If there is one thing that the Warner Bros. home video division is great at, it’s constantly releasing the same movies over and over and over again (note to Warner Archive — you are the exception, you guys rule). It seems every few years, “Casablanca” gets put through another anniversary release or restoration with another box set or deluxe edition. Meanwhile, did you know that WB quietly snuck Orson Welles‘ long-awaited “The Magnificent Ambersons” onto shelves earlier this year in a barebones version with zero extras? Despite promising for years that it would get an extras-laden treatment? Face it, Bogart moves more units that Welles. And while we understand there will always be an audience for consumers who want a classic movie in their collection without having to think about it or even watch it, WB’s next move is truly egregious.
Yesterday, the studio talked to press about their plans for their 90th anniversary in 2013, and in addition to unveiling a new logo and announcing a slate of DVD collections and whatnot, WB revealed that they are converting “The Wizard Of Oz” from 2D to 3D for a forthcoming home video release. It seems that after 2005’s Two-Disc Special Edition and Three-Disc Collector’s Edition (yes, they came out the same year) and an expansive 70th anniversary release on both BluRay and DVD (spanning four and five discs respectively) in 2009, WB has run out of things to do with “The Wizard Of Oz,” so they decided, “Fuck it, let’s just 3D this thing.”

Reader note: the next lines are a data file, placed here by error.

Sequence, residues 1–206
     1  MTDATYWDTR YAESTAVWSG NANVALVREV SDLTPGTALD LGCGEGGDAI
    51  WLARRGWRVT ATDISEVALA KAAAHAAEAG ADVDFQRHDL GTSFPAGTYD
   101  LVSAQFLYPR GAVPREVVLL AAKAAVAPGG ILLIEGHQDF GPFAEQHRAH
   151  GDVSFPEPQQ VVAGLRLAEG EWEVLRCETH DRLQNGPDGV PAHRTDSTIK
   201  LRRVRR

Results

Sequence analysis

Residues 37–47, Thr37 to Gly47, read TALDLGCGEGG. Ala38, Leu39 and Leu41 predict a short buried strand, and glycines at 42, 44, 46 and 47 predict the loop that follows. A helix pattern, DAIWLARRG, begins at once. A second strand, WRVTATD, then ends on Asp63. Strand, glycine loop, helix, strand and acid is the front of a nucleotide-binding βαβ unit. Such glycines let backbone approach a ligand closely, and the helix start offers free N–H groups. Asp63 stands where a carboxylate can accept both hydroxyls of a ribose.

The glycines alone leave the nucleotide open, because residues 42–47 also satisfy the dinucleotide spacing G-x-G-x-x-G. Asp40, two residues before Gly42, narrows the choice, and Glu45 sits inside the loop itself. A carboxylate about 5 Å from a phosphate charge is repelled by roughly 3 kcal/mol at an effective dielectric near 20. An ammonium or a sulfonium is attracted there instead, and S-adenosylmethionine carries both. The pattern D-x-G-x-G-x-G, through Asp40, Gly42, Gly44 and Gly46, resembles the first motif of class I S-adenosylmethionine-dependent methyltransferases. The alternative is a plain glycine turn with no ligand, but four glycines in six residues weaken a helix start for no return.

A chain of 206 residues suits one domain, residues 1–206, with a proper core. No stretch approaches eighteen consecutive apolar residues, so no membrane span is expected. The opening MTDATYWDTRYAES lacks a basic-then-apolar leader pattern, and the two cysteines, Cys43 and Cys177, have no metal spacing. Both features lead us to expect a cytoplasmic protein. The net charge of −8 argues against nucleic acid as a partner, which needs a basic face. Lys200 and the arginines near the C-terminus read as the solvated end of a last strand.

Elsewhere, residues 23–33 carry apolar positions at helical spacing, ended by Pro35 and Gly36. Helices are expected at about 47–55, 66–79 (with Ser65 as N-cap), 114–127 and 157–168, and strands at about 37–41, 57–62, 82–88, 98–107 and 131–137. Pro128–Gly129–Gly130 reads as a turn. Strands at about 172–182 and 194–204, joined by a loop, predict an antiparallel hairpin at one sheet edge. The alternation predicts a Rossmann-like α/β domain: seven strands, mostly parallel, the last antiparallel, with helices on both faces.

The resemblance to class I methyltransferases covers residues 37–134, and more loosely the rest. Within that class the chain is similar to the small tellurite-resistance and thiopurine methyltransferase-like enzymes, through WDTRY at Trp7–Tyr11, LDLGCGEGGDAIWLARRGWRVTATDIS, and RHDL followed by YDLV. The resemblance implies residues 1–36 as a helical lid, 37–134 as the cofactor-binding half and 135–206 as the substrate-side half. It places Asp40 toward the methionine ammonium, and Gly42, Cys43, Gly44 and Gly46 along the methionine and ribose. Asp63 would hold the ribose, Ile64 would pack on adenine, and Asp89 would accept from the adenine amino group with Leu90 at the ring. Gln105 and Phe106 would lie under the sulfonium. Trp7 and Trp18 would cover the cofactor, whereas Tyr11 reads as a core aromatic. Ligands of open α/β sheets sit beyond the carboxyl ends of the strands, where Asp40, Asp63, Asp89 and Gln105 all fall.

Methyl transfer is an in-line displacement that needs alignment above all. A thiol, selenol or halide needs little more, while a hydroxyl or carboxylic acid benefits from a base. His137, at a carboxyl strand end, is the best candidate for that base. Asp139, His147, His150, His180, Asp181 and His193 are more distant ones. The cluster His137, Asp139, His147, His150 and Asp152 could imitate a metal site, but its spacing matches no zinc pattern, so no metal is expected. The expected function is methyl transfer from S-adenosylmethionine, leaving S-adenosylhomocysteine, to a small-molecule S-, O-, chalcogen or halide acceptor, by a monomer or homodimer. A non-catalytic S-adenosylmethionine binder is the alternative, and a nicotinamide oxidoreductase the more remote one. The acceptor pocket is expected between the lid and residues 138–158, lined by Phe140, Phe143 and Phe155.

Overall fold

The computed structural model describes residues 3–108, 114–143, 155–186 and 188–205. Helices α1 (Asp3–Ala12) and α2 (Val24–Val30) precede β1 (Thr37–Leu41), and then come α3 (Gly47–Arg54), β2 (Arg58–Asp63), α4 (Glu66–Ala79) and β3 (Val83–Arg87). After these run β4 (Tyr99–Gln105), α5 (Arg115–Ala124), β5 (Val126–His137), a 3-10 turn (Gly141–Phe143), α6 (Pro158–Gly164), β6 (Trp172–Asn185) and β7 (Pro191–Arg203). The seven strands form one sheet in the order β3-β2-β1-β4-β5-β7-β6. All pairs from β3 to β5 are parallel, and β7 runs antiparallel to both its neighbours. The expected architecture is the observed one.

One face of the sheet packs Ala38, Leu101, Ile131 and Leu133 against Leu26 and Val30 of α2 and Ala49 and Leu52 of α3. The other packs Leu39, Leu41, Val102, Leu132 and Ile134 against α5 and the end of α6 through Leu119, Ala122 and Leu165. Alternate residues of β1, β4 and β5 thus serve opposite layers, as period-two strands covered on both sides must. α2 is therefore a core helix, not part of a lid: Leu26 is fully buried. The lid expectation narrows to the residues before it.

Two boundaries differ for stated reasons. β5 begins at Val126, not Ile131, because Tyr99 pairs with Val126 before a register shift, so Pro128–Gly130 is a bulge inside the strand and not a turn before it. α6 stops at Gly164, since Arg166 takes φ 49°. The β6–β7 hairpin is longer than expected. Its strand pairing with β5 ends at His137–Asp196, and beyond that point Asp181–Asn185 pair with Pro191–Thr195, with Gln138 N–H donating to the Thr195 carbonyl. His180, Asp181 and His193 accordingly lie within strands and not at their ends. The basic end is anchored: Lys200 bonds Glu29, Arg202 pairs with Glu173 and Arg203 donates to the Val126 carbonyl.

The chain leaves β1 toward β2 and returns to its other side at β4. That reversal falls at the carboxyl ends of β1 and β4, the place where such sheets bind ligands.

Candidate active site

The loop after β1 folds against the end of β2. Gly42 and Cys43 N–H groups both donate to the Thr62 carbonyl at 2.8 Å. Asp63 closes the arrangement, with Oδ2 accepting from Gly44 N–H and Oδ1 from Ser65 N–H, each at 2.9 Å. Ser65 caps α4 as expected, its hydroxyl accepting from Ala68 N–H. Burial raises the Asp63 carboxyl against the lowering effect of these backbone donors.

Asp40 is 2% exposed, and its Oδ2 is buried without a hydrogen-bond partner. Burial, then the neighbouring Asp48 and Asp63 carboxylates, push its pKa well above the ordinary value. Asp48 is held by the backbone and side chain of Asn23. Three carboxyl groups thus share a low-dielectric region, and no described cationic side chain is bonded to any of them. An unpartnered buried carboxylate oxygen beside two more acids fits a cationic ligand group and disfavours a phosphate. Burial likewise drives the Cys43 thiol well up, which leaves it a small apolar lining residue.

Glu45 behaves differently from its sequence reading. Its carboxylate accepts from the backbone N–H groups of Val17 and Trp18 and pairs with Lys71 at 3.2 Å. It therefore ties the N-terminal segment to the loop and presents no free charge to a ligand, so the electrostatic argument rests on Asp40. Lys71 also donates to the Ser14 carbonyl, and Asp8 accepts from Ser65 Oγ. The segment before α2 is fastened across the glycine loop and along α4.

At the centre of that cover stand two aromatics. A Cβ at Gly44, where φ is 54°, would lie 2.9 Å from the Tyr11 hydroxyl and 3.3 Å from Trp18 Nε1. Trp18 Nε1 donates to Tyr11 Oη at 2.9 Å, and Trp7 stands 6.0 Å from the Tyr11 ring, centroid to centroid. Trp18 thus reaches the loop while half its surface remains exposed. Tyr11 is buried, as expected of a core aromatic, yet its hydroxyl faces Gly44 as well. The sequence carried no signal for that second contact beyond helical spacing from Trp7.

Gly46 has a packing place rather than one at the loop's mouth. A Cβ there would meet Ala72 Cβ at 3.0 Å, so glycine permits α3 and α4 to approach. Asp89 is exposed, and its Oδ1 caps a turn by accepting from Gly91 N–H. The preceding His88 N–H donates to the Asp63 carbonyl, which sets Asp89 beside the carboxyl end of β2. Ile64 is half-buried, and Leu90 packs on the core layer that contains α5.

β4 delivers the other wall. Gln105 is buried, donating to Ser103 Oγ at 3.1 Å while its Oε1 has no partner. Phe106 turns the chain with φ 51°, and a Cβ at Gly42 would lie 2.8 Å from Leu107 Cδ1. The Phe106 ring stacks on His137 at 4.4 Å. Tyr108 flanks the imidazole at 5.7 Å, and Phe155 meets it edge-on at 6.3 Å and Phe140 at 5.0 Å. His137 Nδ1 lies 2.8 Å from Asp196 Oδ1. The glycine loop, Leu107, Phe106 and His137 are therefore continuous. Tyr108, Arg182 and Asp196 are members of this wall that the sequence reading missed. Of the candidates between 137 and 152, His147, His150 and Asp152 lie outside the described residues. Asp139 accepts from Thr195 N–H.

For a company about to celebrate ninety years in the business, this is a pretty appalling way to crap on the legacy of one of the most beloved films under their banner (though, if we’re going to be technical, ‘Oz’ was originally an MGM production, but those are just details). But hey, a buck is a buck is a buck. And you know, for kids! Because all that black-and-white stuff at the beginning might put those restless youngins’ to sleep. “The Wizard Of Oz: 3D!” is slated for a fall 2013 release.
No word yet on what WB’s plans are for their 100th anniversary, but at this rate we wouldn’t be surprised if they called up Ted Turner and asked him if he was still interested in colorizing old movies. [Collider]